OSOWOG Plan: One Sun One World One Grid Plan

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The Government of India, on 26th May 2020, announced to roll out the “One Sun One World One Grid” (OSOWOG) plan and has invited bids for the same. The Ministry of New and Renewable Energy (MNRE) has called for a pre-bid meeting to be held on 5th June 2020. As per the MNRE’s proposal, under this plan, India has contemplated to have an interconnected power transmission grid across various nations around the globe which will facilitate the generation of clean and renewable energy. The plan has provided a chassis for building a global ecosystem of energy resources which can be shared amongst the nations. The plan will be implemented under due technical assistance from the World Bank.

Significance of this plan

For climate change mitigation, achievement of energy access and security, and ensuring overall Socio-Economic development worldwide, sustainability is dominant factor which can only be achieved by having a sound mechanism for generation and distribution of renewable energy. The OSOWOG plan will help in providing a framework for an energy policy to achieve global cooperation resulting in fulfillment of the objectives of global sustainability, by fighting global warming in unison. Furthermore, this initiative is significant for India as well because it is a pioneering scheme undertaken by the country and it will put India ahead on the global strategy forefront.   

Salient features

As proposed by the Government, the plan is spread out in three phases which are as follows:

PHASEFEATURES
PHASE IThe first phase of the plan lays down the interconnection of Middle-East, South-Asia and South-East Asia (MESASEA Grid). The intention behind the interconnection is to provide cost efficient and clean energy supply to countries in need; especially war effected countries such as Yemen, Iraq and other countries in the Middle-East. This will be an important phase for the facilitation of cross-border energy trade. To connect with Oman in the West, an under-sea link has also been proposed as a part of this phase.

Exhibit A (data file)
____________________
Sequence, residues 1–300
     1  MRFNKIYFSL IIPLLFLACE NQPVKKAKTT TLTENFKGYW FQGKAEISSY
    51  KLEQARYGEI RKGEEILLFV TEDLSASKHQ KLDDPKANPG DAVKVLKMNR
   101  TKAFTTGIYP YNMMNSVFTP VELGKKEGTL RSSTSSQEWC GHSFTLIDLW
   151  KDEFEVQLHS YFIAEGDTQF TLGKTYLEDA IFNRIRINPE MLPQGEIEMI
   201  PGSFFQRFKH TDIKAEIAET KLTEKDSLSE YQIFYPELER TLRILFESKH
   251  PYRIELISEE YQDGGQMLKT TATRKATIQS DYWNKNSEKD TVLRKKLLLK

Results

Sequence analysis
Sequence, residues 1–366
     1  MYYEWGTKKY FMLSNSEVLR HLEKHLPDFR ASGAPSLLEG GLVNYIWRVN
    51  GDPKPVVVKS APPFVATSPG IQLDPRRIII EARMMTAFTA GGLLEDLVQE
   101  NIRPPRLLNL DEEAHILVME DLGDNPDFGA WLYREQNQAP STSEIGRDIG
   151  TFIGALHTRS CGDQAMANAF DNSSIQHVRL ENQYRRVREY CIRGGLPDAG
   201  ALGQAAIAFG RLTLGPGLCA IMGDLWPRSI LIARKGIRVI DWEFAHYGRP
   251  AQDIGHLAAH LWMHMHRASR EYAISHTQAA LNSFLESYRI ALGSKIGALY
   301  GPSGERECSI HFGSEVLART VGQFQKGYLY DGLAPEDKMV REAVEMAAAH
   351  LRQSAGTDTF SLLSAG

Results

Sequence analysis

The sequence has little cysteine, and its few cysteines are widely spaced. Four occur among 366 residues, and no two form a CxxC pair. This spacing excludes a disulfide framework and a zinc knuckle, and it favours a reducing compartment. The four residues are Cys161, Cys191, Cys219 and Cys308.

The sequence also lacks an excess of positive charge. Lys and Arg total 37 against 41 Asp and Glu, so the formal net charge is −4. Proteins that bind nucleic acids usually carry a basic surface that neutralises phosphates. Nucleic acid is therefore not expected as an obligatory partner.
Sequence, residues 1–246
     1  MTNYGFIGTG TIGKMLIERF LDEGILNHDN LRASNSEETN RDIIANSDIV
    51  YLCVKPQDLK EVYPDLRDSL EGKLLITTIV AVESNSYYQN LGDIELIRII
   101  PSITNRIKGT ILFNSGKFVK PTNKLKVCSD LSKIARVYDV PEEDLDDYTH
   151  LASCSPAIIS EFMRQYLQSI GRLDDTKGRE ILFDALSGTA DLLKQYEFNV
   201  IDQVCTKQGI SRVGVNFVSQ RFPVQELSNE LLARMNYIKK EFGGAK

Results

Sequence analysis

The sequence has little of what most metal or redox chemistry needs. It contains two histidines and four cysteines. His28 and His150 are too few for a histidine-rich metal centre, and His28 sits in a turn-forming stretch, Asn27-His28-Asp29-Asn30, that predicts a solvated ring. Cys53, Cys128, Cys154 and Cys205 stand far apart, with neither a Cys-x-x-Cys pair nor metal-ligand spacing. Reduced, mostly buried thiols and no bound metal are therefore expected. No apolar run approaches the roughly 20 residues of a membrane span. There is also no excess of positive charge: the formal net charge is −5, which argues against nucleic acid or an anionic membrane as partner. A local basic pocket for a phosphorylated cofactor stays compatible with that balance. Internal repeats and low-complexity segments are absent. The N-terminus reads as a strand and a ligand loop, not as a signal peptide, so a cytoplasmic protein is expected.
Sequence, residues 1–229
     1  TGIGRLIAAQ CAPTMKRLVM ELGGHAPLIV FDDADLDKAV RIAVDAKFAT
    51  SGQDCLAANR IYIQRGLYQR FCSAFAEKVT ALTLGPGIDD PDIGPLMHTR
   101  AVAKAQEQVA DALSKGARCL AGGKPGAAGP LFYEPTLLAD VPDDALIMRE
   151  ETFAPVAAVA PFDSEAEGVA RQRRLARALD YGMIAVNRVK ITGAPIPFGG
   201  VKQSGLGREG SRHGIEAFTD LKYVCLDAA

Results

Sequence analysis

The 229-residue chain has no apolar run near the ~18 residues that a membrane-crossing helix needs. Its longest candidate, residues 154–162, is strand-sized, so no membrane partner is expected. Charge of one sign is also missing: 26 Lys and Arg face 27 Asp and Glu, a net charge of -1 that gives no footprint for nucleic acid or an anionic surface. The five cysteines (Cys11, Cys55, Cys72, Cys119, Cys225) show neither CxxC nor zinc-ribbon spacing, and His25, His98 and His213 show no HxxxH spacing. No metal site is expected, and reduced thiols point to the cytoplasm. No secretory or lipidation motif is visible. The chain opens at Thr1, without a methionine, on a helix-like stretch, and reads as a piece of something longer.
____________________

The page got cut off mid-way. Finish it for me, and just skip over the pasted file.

PHASE IIThe second phase of the plan will involve connecting the MESASEA Grid (interconnected in Phase I), with African Nations. A large number of African countries are in need of power supply, which will be catered to under this particular phase.  
PHASE IIIThe final phase will involve interconnection on a global level. Global Interconnection to the grid is the final objective to be achieved for sustainability.  

Why has it been introduced?

The main objectives behind the introduction of this plan is sustainability and achieving coherency in fighting climate change, while benefitting the participant countries economically as well, by providing them energy security which is a significant factor for any country’s growth. Globalization in this arena of renewable energy will definitely help in reducing the overall carbon footprint and will also result in technology diffusion for generating clean energy. This plan can also be called a ‘foreign policy tool’ considering the amount of trade that is going to follow through it and the accord of nations participating in it throughout the world.

This plan will help India as well as other nations to tap the full potential of renewable energy sector. This plan will also help in controlling the Chinese influence in Asia and will counter the “Debt Trap Diplomacy” played by China through which they pressurize their debt ridden countries especially in Africa, as a part of ‘Belt and Road Initiative’ (BRI) initiated by the China to increase Chinese investments around the globe.

Background